Monday, June 13, 2005

The Gathered community

We had a visiting worship band and visiting preacher at All Saints' on Sunday evening and it made me think about the importance of the pastoral and community element of worship. I didn't feel that I was part of the gathered community on Sunday evening. It wasn't that the band or the speaker were bad - not at all - but, for me it didn't quite hang together. I find it hard to express what I mean by all this so I hope you'll bear with me.

The peopel who were in church were a disparate group from lots of different churches. The band was from another church community and the preacher was from yet a different community. Now, of course, we are all part of the Christian community and so I shouldn't have found any issue with all this but I didn't feel that the people there were a community. Was it that there wasn't a clear leader to hold it altogether? Was it because the hosting community wasn't sufficiently cohesive? Was it just me being tired after a very hectic day of sport with the youth club the day before? I don't know.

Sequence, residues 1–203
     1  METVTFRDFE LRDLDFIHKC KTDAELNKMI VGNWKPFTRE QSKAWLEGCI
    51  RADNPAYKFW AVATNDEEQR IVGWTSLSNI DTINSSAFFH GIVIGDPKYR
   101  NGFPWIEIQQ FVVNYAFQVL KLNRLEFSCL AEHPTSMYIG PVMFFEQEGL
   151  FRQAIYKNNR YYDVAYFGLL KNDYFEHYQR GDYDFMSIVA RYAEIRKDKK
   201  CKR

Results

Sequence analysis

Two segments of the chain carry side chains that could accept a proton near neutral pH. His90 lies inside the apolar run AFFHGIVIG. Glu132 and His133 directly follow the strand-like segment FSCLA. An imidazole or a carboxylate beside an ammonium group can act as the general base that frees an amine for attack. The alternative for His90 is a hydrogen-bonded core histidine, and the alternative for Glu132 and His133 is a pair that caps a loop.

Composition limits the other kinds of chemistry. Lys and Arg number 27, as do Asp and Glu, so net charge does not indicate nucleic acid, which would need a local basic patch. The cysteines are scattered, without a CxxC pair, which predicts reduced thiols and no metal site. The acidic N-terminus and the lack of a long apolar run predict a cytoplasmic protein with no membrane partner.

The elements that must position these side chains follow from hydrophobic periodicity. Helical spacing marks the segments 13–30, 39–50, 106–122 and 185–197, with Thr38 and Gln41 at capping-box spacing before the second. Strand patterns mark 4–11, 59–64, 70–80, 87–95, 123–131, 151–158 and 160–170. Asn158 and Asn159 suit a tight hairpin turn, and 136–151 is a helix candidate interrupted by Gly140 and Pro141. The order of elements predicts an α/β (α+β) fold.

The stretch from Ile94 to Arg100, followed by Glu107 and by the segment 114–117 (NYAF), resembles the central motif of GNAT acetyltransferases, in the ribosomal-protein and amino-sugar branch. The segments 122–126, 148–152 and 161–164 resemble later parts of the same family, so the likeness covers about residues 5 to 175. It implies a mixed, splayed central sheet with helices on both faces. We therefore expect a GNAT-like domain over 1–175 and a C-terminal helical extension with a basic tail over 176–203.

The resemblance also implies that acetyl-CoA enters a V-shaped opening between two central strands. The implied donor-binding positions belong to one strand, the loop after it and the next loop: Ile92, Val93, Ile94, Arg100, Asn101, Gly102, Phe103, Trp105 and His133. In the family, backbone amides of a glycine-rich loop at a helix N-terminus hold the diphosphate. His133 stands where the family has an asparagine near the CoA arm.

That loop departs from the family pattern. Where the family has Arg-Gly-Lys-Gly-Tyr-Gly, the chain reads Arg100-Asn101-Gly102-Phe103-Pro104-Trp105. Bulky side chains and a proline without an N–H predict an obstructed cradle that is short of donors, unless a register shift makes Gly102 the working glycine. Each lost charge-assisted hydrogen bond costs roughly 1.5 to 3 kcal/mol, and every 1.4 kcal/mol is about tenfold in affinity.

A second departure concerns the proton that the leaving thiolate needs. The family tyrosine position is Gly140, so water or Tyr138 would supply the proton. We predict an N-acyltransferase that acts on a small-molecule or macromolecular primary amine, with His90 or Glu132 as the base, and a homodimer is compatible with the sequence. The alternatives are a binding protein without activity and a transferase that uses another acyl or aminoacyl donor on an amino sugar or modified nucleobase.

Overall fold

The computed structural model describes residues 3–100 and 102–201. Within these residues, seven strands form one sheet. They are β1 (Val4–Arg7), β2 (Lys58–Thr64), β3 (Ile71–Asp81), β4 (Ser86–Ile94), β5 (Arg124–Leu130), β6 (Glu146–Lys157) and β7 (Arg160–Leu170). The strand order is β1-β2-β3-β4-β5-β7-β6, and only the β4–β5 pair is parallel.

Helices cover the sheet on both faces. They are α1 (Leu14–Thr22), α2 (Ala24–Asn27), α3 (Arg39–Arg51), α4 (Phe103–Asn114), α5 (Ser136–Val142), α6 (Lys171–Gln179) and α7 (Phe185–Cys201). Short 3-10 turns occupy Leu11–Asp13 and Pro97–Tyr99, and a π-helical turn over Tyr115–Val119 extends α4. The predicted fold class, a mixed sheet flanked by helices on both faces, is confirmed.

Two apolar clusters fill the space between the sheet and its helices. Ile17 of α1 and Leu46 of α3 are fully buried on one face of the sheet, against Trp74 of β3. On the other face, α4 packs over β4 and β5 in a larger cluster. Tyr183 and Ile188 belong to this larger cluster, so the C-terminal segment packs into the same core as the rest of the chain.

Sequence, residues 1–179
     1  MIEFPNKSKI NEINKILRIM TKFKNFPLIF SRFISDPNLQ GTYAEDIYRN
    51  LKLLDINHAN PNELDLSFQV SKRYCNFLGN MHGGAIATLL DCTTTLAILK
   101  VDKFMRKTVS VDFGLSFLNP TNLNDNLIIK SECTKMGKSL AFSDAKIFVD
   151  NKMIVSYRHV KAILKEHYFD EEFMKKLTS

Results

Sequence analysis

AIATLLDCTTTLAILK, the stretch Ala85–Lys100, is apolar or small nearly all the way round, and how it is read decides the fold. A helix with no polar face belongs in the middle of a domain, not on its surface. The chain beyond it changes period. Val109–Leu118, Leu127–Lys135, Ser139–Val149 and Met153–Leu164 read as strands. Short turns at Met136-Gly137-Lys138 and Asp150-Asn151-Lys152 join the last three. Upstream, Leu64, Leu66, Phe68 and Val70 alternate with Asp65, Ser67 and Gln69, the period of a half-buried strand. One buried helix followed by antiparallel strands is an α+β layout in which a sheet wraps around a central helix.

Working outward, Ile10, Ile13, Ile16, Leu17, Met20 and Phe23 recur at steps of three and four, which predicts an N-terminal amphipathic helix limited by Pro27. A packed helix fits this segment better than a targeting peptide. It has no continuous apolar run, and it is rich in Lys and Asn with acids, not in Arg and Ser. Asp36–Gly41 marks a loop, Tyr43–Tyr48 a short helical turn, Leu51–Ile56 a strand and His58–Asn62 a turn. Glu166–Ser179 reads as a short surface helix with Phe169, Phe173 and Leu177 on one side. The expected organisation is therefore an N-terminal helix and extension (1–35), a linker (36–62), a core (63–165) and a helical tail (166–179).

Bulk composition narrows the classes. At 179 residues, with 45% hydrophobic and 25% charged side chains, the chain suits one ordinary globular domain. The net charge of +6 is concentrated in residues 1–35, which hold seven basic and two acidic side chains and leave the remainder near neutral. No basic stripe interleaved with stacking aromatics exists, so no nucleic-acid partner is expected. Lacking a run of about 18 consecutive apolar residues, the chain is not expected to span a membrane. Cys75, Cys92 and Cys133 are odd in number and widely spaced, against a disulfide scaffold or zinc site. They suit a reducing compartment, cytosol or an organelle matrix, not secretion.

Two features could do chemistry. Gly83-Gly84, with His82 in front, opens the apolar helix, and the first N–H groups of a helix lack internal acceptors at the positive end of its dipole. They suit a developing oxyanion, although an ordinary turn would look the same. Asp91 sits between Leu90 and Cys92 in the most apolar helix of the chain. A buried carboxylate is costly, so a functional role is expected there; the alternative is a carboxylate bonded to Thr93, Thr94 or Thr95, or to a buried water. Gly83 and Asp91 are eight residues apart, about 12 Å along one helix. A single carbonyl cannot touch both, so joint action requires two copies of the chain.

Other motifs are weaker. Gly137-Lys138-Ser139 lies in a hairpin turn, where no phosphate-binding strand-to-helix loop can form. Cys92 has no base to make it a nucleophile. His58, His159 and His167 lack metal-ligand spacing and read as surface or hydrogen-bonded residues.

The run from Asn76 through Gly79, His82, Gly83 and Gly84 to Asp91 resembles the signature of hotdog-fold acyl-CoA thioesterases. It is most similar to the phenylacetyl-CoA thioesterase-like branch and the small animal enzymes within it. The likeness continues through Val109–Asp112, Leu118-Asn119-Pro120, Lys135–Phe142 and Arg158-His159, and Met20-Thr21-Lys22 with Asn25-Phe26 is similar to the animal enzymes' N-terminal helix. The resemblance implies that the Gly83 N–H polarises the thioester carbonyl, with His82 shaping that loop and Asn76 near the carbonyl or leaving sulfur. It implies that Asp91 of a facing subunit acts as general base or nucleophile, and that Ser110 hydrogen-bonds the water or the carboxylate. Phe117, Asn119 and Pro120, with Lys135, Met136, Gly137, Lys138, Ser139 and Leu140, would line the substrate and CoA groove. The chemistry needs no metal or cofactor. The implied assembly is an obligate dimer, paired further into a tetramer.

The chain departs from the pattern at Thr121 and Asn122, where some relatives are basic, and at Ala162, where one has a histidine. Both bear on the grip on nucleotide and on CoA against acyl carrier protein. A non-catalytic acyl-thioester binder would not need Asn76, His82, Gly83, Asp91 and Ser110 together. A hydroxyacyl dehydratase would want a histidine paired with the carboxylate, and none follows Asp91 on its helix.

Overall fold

What I do know is this. Worship is not just about good music, good preaching and the good book. There is a need for it to be ac ommunity gathered and for that gathered community to have a relationship not only with God but with each other.

1 comment:

Mark Berry said...

"Worship is not just about good music, good preaching and the good book." Well, I think the latter is somewhat important ;-) but the two former IMHO can be part of Worship but don't need to be... For me Worship is a wrestling match, between my state of mind, feelings, desires and what God has done and is saying to me... it is a conversation with me trying hard to submit and to listen whilst all around me is noise of my own making... I love Mike Ridells poetic vision -
Worship... leaps wet and wild from the bog of captivated hearts; which stretches convention until it rips and allows God in; which draws words and symbols from the raw experience of participants and flings them to God in love and desperation.
What it should not be (for me) is slick and proffesional... if it is it always feels to me that we are giving to God what we can achieve and what know we can do... How about giving The Creator our rude unfinished selves? BTW I don't care how it looks or sounds - liturgical, poetic, visual, musical, silent - whatever, it is attitude that counts [Sermon over :-)]